Courtesy photo: Harrison family The Harrison family take a break to look at some wind generators in Texas. The Harrison family are biking through New Mexico in the coming weeks on their way to Fairbanks, Alaska.
By Clarence Plank: Freedom New Mexico
A family of five is partaking in a long journey to Alaska by bicycle, and coming through eastern New Mexico on the way.
The “Pedouins,” as the Harrisons are nicknamed, are traveling 7,000 miles to Alaska to experience the joy, laughter, hardships and struggles along the way. They expect to arrive in Muleshoe around noon today.
“We want to show our children America before it is gone because it is changing rapidly,” father and husband Bill Harrison said. “So far it has been absolutely stunning. It is totally different than the America of the media.”
People have been donating clothes, food, places to stay or just passing along words of encouragement.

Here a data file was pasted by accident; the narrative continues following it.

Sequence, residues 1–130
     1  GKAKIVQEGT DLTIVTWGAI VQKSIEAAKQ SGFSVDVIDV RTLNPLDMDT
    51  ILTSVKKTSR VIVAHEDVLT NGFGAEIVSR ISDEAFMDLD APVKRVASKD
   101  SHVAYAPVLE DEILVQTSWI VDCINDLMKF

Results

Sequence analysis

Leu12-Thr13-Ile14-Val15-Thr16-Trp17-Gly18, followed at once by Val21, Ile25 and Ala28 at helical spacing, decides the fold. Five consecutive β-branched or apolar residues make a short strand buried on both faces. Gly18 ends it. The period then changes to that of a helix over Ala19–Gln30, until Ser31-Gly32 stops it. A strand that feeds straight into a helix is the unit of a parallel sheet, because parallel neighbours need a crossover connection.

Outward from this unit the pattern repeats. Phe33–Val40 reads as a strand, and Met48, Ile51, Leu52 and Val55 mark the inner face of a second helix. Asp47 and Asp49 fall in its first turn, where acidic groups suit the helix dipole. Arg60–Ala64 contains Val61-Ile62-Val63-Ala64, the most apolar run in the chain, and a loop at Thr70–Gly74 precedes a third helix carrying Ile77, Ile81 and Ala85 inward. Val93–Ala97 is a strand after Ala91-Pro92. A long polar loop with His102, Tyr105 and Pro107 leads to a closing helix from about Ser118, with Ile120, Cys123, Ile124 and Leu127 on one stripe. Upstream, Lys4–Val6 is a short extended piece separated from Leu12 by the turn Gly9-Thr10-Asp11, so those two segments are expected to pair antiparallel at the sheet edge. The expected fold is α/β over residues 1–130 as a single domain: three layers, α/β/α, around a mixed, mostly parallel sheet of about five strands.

The family started off in Mount Vernon, Ky. They plan to make their way across New Mexico along U.S. 60, including going through Texico, Clovis, Melrose and Fort Sumner.
The family expects to reach Fairbanks, Alaska, by the summer of 2010, but they are a week behind schedule due to the weather.
“People can contact us through the Web site under the contact section in on there for a place to stay during the evening or what ever they can do,” Harrison said.
Harrison said he and his wife, Amarins, have been talking about taking a trip to Alaska for a long time.
“My wife, of course, is from the Netherlands, and she has never seen anything like America,” Harrison said. “I’ve been to Alaska a couple of times and told her stories.”
Amarins Harrison came across a quint bicycle, which seats five, and the Harrisons decided to buy one.
The Harrisons have six children, but only their youngest three — Cheyenne, 7, Jasmine, 5, and Robin, 3 — are making the trip to Alaska.
Harrison said the family only travels when the temperature is 40 degrees or higher. Sometimes people offer a place to sleep, or the family pitches a tent if they’re far from a town.
Kevin Bob of Albuquerque has been following the Harrison family on their Web site and talking to them from time to time.
“I’m going to meet him somewhere down there in the upcoming weeks with some clothing, spare tires and stuff,” Bob said.
Bob said the human story about this is that everywhere the family has gone, people have stepped up to feed them and given them a warm place to sleep.